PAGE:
Except here we're talking about the last 2.7 AUs of conjunction.
        • Except here we're talking about the last 2.7 AUs of conjunction.

          Right!!! If NASA pulls this off, then I can take that argument to my local phone company. I'll convince them that if NASA can connect a line like that, then the phone company should have no problem getting DSL or FIOS lines to me.
    • Re:Priorities (Score:5, Insightful)

      by Archangel Michael (180766) on Thursday February 22, 2007 @10:41AM (#18108994) Journal
      Because we all know that we can't do both at the same time ....
    • Re:Priorities (Score:5, Insightful)

      by dcskier (1039688) on Thursday February 22, 2007 @10:45AM (#18109052)
      Parts of this planet don't have broadband yet for economic reasons, this is more of a technical problem to solve. Apples and Oranges.

      It makes sense to be looking and working towards the future, this sounds like an interesting project.
      • Re:Priorities (Score:4, Informative)

        by Paulrothrock (685079) on Thursday February 22, 2007 @11:40AM (#18109790) Homepage Journal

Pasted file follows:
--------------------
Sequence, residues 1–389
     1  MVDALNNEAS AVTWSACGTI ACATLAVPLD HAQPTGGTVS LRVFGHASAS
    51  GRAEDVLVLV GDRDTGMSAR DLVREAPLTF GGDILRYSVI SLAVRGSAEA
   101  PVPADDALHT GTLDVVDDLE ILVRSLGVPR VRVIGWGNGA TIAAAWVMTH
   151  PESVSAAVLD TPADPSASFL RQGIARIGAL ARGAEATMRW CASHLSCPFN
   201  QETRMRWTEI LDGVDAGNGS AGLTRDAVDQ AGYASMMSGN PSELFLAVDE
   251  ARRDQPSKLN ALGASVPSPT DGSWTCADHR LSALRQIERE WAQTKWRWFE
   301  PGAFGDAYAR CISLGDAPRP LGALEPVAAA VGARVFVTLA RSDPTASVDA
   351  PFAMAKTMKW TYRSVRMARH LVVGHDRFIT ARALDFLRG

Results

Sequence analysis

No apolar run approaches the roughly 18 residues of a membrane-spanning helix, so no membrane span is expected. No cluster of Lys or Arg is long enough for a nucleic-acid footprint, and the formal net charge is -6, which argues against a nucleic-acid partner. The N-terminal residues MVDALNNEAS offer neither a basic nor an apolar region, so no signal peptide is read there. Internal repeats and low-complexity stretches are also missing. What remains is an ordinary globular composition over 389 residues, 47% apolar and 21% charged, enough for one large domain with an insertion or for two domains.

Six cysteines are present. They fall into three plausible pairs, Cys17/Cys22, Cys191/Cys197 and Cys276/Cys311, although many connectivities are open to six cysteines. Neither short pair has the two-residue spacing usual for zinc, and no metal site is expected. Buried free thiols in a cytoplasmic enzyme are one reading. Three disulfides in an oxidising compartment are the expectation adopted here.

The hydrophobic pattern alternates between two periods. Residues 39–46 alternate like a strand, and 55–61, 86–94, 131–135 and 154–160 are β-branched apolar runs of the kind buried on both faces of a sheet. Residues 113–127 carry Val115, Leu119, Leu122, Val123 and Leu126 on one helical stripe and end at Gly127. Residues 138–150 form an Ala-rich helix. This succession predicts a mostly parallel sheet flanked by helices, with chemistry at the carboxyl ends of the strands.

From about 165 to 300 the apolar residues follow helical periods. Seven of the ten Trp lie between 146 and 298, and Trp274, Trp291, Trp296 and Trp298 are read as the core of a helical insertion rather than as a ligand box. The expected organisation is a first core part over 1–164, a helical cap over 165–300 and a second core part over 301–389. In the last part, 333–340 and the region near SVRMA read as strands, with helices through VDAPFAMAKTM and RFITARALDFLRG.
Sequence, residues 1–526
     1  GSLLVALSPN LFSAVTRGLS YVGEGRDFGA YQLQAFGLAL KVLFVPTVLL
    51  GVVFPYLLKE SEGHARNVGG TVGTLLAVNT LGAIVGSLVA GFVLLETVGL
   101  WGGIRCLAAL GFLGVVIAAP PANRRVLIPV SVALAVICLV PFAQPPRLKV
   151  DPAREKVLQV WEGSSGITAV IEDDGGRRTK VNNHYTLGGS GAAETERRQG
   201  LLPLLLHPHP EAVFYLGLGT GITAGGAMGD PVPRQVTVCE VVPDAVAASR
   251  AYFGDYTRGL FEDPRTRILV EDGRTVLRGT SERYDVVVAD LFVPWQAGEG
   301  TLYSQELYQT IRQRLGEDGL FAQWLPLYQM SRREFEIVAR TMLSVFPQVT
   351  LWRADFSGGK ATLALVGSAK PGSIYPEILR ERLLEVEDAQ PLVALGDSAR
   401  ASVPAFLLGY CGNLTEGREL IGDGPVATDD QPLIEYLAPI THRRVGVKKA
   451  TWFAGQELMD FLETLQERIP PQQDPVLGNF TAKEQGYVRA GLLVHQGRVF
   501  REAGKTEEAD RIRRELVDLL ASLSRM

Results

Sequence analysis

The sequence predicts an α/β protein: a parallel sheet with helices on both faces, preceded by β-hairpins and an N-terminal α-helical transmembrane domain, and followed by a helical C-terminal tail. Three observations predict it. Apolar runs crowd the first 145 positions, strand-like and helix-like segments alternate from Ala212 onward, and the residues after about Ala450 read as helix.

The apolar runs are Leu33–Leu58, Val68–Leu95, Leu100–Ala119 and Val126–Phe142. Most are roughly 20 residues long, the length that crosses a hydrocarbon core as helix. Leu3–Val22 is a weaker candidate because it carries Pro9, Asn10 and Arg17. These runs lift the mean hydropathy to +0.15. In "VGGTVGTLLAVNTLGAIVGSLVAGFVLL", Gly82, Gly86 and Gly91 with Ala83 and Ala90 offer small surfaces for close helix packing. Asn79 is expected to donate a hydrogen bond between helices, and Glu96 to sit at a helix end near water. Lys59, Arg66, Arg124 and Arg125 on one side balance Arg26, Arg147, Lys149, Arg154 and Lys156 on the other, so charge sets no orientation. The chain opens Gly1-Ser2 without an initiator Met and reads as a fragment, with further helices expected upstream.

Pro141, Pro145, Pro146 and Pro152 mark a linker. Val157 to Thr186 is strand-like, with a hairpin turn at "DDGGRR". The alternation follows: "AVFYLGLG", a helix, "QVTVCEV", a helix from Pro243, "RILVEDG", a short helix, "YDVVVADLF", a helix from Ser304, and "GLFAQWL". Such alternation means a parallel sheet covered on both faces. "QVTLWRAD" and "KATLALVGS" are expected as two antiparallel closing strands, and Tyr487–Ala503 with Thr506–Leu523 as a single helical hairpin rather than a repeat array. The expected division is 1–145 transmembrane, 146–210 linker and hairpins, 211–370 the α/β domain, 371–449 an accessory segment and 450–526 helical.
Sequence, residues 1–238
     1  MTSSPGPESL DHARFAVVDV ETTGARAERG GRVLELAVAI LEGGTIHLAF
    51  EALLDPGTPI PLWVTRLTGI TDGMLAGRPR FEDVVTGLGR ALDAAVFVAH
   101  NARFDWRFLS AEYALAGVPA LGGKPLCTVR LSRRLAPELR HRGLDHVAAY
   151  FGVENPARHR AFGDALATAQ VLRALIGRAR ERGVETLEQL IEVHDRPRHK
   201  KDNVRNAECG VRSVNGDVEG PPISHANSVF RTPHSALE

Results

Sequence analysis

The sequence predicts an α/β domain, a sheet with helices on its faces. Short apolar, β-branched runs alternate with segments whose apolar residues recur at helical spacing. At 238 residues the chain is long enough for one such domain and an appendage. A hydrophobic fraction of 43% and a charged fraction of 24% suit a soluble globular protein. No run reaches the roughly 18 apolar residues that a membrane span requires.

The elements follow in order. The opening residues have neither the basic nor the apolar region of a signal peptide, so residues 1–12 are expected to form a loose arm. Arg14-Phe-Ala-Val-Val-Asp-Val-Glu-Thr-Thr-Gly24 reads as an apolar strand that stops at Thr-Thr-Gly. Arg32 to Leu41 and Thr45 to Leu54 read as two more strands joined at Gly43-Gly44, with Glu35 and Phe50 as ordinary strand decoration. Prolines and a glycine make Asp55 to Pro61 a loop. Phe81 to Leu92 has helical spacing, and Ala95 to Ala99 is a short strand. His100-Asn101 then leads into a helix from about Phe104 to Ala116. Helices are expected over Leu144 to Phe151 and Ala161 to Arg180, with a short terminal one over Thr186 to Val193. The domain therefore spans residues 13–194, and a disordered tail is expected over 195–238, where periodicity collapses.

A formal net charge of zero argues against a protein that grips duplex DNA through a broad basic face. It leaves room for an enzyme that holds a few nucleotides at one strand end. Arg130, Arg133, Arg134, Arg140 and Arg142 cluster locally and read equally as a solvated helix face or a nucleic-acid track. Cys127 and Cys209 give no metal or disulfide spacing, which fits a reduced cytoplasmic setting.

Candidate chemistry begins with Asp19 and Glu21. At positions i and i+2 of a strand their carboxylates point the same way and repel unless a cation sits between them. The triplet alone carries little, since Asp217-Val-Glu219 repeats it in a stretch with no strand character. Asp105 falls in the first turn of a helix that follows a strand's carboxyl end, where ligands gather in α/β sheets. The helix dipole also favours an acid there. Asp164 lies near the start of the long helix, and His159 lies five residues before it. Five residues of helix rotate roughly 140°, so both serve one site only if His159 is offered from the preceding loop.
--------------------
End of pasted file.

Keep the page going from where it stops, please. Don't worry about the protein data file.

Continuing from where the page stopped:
I live within a half mile of one of the most expensive schools in my state (Franklin & Marshall). Almost all of the kids drive brand new cars, many of them luxury cars. They're able to pay for high speed broadband and would spring for 10Mbps symmetrical connections even if they cost $100/month, just because Mommy and Daddy would pay for it. Because of the population density, a few last-mile (more like last-fifteen-feet) runs would make whoever did it tons of money.

        But they don't. Why? Because the only two carriers in the city (Comcast and Verizon) are already making tons of money giving sub-par service, and there's no other competition to force them to innovate thanks to our wonderful state government. I can't even get Embarq because Verizon has the CO locked down, and Embarq isn't my "local carrier."

        If the state government got rid of the monopolies on cable and phone lines, we'd see some movement.

        • Re:Priorities (Score:5, Insightful)

          by Macka (9388) on Thursday February 22, 2007 @12:18PM (#18110308)

          Amazing isn't it. As a UK citizen I used to think that America was this democratic utopia of free trade, where healthy competition between companies resulted in the best deal for customers anywhere. I mean, your prices are so much lower than ours, so it must work right?